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Gymnastics Training: Gymnastics Advice Column
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My daughter is 12 and training for level 9/10. She has very good strength but lacks some flexibility. She has been having horrible pain in her Achilles tendons. We have seen numerous doctors and they say tendonitis/tendonosis/sever's disease may be the cause of the pain. When she backs off the tumbling her feet/calves get better quick but as soon as she returns to tumbling the pain comes back. Do you know of any stretches or conditioning that would help her besides the normal Achilles stretch with both straight and bent knees. Thanks for your help, she does not want to take time off but at this point it is my only suggestion
You should take your daughter to a physical therapist or sports injury professional for individual advice. Rest and ice are common ways to deal with both problems. If your daughter is tumbling (with doctor's permission), she should be using VERY soft and forgiving surfaces for at least four weeks to allow healing time and deal with this injury correctly. Tendonitis is an overuse injury. Your daughter is likely performing too many repetitions of something that is causing this pain or she is working on surfaces that are too hard. To resolve this, she should NOT be running or tumbling on any hard surface (including the floor ex area) for AT LEAST a month. All of her landings (if she has doctor's permission) should be soft. She should also be icing her heels AS SOON as she starts to feel pain and at the end of every practice. The ActiveWrap works well. Your daughter should be stretching her heels and calves as soon as she is done performing each event. Just make sure she does not stretch within 15 minutes after icing because it is not safe to stretch a cold muscle. Remember, the more your daughter performs on this injury, the longer the healing time and more risk of permanent damage. You can buy foam heel cups so that your daughter can either put them inside gymnastics shoes or tape them to her heels during practice to absorb some of the shock. Even walking barefoot may irritate this condition. Heel cups are NOT a cure, they just offer a little relief. PATIENCE is the key with overuse injuries. Please try to find out which one (sever's or tendonitis) it is because the treatment may be different. Either way, your daughter should be resting and icing, but beyond that she should be doing exactly what the doctor and/or therapist has prescribed. She should not stay out of the gym. She should not doing anything that irritates the problem for at least 4 weeks. Please bring your daughter to a sports injury professional for a thorough assessment.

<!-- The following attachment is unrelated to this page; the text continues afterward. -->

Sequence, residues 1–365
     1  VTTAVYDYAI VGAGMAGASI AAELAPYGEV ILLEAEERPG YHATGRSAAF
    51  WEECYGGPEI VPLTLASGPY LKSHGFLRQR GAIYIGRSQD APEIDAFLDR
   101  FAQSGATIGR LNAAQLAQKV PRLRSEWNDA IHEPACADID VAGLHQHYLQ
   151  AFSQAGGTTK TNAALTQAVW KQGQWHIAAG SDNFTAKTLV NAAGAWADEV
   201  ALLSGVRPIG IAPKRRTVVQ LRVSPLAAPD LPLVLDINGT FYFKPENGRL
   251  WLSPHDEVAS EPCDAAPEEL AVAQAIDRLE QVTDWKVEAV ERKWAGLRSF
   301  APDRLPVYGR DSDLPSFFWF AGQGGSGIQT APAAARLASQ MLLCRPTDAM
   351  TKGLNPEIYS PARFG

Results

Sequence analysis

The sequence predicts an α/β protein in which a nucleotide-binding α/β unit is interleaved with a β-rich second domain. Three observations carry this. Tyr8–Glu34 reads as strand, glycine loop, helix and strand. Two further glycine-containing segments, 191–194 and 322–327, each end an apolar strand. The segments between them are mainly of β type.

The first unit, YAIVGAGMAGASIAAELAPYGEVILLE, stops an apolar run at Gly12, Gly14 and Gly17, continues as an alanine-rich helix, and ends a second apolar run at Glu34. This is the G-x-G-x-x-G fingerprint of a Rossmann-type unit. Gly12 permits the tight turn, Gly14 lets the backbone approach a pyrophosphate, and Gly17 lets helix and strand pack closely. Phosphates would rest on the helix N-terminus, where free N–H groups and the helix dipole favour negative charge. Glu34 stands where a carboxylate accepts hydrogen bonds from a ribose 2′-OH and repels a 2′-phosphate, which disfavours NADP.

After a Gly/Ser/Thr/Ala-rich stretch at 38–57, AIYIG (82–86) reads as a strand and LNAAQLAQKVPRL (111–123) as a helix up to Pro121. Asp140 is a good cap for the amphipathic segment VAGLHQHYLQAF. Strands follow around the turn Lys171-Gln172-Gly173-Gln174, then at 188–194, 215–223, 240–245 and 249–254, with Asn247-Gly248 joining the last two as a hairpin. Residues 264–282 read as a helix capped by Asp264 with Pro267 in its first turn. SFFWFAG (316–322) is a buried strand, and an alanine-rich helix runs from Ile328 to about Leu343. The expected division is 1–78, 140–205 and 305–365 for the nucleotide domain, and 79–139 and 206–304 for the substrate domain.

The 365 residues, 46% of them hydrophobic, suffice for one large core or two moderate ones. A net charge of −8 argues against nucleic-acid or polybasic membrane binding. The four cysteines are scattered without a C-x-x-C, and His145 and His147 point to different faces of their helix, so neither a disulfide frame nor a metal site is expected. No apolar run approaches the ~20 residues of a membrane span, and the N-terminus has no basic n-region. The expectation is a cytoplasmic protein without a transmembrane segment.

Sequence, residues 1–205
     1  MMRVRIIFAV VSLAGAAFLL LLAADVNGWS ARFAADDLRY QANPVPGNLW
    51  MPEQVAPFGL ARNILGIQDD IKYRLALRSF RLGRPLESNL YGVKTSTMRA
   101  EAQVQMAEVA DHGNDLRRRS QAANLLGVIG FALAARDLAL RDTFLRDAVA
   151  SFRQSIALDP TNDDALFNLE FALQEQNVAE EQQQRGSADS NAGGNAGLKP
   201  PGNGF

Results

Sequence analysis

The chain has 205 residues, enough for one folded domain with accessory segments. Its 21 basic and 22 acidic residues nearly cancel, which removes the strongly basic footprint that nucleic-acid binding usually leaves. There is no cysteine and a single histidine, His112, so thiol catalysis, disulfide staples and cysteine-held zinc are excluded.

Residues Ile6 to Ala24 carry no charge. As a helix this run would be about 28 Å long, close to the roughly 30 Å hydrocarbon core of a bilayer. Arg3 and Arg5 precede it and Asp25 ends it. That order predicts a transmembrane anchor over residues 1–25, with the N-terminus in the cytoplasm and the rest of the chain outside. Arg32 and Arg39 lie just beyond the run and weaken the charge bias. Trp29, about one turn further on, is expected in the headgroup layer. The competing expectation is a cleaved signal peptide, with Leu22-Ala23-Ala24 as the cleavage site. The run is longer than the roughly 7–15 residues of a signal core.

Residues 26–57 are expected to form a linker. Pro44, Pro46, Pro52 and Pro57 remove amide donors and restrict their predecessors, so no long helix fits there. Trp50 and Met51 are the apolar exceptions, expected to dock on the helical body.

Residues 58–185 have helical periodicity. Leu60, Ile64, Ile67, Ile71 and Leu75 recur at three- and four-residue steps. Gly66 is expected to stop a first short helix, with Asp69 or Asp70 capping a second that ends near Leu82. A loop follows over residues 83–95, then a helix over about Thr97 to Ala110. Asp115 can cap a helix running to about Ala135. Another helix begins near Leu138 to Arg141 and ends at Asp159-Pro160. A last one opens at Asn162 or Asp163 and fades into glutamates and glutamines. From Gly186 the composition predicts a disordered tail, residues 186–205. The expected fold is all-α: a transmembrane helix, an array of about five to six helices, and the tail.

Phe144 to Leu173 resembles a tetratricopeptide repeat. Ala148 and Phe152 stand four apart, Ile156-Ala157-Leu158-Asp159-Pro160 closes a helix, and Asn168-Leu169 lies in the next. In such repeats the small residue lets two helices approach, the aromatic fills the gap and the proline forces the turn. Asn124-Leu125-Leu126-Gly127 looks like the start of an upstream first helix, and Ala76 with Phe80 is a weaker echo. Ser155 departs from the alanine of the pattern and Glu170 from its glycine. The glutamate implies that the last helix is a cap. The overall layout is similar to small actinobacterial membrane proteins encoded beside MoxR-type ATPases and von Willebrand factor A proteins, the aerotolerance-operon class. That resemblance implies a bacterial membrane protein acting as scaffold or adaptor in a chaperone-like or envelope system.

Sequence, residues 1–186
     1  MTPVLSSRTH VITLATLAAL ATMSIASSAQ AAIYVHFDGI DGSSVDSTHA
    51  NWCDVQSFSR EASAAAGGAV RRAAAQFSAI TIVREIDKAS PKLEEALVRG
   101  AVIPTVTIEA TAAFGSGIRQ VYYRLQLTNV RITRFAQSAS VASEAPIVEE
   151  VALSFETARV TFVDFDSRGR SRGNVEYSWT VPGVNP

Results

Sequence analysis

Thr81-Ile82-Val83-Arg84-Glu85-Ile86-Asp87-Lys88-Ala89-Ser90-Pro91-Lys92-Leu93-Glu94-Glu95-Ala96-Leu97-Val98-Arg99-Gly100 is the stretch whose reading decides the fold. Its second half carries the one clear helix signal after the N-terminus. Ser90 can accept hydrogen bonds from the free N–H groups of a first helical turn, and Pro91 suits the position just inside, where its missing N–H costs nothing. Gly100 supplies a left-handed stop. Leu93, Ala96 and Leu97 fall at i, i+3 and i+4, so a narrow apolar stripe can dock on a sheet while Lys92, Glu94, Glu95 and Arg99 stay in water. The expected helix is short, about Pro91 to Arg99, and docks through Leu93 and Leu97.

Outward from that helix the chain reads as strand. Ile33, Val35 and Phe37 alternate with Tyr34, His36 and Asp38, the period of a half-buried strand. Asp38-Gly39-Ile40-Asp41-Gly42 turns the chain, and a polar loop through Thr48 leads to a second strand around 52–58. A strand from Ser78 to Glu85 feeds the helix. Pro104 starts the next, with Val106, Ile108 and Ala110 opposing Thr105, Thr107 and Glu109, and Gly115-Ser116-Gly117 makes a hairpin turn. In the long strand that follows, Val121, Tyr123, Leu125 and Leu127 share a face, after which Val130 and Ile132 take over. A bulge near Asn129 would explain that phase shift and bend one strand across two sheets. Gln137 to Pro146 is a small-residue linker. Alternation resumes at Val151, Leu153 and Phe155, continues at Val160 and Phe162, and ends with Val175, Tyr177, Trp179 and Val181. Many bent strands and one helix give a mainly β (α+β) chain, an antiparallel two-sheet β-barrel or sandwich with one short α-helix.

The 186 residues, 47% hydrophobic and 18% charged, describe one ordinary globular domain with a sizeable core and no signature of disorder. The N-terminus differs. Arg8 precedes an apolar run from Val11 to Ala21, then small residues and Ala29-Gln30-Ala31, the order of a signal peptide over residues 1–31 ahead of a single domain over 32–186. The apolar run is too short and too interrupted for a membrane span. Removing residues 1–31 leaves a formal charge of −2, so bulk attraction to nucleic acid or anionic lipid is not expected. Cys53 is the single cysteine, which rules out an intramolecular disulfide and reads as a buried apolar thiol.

You may want to ask your daughter's coach to make sure there are no extra jumps or tumbling skills (other than the requirements) in her routines for now. Even one extra jump can cause severe problems for some gymnasts. One jump sounds like such a small number, but if a gymnast performs ten routines a day, 5 days a week, that is an additional 50 jumps per week or 200 jumps per month which may be too many for your daughter's lower body. And if there are too many jumps on two events (beam and floor) then the number of unnecessary jumps is doubled. Sometimes only a minor adjustment, such as removing an unnecessary jump, can make a world of difference.